A Meat Loaf musical that could end up on Broadway rocks Toronto, Canada

//A Meat Loaf musical that could end up on Broadway rocks Toronto, Canada
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A Meat Loaf musical that could end up on Broadway rocks Toronto, Canada

There is a musical that may well end up on Broadway one of these days, after bouncing around the globe: Jim Steinman’s “Bat Out of Hell,” now going gangbusters in Toronto.

“It’s a box office wonder, and [the] audience loves it,”   Its rumored that “Bat Out of Hell” is an over-the-top hoot.

Director Jay Scheib’s high-octane production matches the Wagnerian verve of the classic Meat Loaf songs: “Paradise by the Dashboard Light,” “You Took the Words Right Out of My Mouth,” “Two Out of Three Ain’t Bad” — all of which were originally written by Steinman for the 1977 album.

The musical also features anthems written by Steinman from 1993’s comeback album “Bat Out of Hell II,” including “I’d Do Anything for Love (But I Won’t Do That)” and “Rock and Roll Dreams Come Through.”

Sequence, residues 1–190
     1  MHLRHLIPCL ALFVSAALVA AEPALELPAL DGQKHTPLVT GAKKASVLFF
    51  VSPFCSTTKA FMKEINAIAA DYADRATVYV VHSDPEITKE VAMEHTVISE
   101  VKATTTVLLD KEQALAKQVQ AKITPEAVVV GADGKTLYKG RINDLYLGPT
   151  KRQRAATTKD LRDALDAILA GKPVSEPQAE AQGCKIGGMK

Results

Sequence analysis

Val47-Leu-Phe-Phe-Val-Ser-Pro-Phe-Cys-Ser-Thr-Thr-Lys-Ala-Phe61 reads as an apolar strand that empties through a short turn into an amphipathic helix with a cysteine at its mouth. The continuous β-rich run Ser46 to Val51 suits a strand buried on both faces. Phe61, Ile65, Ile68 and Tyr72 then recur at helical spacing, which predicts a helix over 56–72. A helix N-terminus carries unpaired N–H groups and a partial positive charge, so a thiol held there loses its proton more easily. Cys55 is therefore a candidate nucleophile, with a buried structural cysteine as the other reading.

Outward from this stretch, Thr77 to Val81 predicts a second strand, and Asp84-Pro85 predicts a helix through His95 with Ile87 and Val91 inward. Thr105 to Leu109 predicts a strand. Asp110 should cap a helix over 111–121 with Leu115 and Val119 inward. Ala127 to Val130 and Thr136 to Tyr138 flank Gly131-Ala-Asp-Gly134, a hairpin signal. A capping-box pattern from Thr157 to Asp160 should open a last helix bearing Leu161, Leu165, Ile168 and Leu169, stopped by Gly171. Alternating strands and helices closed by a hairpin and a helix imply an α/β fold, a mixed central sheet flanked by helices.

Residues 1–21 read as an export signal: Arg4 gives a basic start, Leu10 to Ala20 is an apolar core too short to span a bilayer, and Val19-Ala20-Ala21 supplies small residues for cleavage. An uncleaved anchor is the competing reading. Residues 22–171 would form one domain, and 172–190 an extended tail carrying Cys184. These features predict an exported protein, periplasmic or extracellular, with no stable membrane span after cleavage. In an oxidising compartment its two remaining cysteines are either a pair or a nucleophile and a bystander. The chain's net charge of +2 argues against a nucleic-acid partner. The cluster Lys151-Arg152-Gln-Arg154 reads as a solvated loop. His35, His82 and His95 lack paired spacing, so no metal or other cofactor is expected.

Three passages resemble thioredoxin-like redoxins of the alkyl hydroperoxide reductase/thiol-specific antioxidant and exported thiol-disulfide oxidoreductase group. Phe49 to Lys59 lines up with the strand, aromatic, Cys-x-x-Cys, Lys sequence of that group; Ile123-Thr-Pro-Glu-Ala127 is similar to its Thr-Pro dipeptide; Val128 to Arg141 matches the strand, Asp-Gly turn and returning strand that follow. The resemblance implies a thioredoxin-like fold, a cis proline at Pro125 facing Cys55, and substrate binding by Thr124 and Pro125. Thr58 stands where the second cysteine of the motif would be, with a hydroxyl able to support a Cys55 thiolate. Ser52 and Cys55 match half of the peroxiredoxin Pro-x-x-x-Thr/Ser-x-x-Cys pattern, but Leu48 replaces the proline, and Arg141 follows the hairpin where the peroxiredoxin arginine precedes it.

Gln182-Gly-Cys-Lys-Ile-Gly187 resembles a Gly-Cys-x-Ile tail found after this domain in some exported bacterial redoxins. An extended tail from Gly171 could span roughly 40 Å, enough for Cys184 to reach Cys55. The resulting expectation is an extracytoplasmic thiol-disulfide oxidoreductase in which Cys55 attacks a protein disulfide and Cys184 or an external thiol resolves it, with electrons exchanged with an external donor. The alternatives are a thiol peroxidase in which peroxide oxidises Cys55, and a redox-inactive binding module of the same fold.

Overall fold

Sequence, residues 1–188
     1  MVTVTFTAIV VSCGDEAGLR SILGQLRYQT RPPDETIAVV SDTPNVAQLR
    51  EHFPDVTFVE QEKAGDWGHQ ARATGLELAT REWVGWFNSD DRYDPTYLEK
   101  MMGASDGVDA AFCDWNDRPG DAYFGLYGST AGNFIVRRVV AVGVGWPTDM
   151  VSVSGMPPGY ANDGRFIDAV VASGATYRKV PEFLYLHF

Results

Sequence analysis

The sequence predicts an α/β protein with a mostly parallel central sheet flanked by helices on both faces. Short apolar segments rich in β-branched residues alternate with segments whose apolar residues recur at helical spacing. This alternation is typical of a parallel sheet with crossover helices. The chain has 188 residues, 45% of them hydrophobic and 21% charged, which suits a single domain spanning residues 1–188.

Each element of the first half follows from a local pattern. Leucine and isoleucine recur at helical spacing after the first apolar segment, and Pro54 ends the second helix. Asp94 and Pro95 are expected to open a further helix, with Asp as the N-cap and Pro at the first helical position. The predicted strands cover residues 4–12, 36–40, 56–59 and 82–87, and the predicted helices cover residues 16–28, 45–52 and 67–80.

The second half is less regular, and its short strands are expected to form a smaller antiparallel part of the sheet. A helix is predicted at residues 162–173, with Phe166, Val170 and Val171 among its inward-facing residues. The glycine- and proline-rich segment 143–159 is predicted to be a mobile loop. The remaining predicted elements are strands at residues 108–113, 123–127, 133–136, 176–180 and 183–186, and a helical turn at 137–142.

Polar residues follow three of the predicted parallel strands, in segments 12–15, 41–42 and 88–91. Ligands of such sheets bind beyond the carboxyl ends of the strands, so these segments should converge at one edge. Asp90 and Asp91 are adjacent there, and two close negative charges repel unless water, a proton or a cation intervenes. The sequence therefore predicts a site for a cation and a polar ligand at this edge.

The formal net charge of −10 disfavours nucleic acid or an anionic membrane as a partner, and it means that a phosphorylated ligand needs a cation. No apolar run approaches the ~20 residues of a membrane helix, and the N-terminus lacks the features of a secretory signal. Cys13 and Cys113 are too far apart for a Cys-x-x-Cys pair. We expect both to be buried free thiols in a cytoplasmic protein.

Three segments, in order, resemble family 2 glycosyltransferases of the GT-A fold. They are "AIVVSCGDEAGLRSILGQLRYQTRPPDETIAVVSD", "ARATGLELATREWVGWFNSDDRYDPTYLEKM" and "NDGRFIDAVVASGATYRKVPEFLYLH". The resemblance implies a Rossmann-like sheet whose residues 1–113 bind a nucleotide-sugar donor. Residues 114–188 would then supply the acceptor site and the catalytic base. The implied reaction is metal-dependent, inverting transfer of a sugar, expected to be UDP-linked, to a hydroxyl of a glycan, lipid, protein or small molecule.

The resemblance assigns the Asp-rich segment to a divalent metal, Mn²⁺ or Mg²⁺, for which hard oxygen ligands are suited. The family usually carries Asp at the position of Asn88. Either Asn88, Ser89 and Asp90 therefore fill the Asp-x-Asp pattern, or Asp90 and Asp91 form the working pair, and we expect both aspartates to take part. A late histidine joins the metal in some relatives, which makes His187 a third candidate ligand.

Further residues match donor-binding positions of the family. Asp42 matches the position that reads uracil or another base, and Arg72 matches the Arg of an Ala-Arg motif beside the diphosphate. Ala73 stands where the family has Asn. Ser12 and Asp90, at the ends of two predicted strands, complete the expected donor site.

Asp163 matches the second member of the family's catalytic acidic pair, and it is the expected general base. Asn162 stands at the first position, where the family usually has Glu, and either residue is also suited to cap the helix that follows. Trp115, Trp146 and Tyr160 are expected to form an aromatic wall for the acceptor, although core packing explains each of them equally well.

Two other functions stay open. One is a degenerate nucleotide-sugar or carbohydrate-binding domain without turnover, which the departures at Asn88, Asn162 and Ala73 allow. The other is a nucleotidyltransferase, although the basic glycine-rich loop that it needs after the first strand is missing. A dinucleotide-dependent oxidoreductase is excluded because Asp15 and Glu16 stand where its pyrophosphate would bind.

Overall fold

“Bat Out of Hell” opened earlier this year in Manchester, England, and played a limited engagement at London’s mammoth Coliseum before heading to Canada.

“Electrifying and giddy and guaranteed to tap into every playgoer’s inner rock god,”   said the critic……  “The show begins at full throttle and keeps throttling,” said The Times of London.

A powerful British theater producer who saw the show says it’s “completely insane” and “huge fun.”

The setting is a post-apocalyptic New York City in 2030. Manhattan has floated off into the sea and the good guys are battling an unseen tyrant called “the Man” in the shadows of sinister black skyscrapers. Imagine “Blade Runner” and “Escape From New York,” with a little “Romeo and Juliet” and “West Side Story” thrown into the mix.

Critics have praised the cast, especially Andrew Polec, who plays the hero Strat, doomed to be 18 forever.

Whenever the story allows — and apparently, it’s often — Polec rips off his shirt, provoking screams of ecstasy from the audience.

A stage version of “Bat Out of Hell” has been knocking around for years. Just about every major producer you can think of has taken a stab at it, but without success.

The plan is to launch an American tour of the show in the fall of 2018 and see how it goes.

“Some shows need to come to Broadway to establish a brand. ”  “Not to take anything away from Broadway, but this is a brand people are familiar with. Maybe we’ll become known as the best show that never played Broadway — and then we’ll get rid of that moniker.”

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By |August 10th, 2018|Theater|0 Comments

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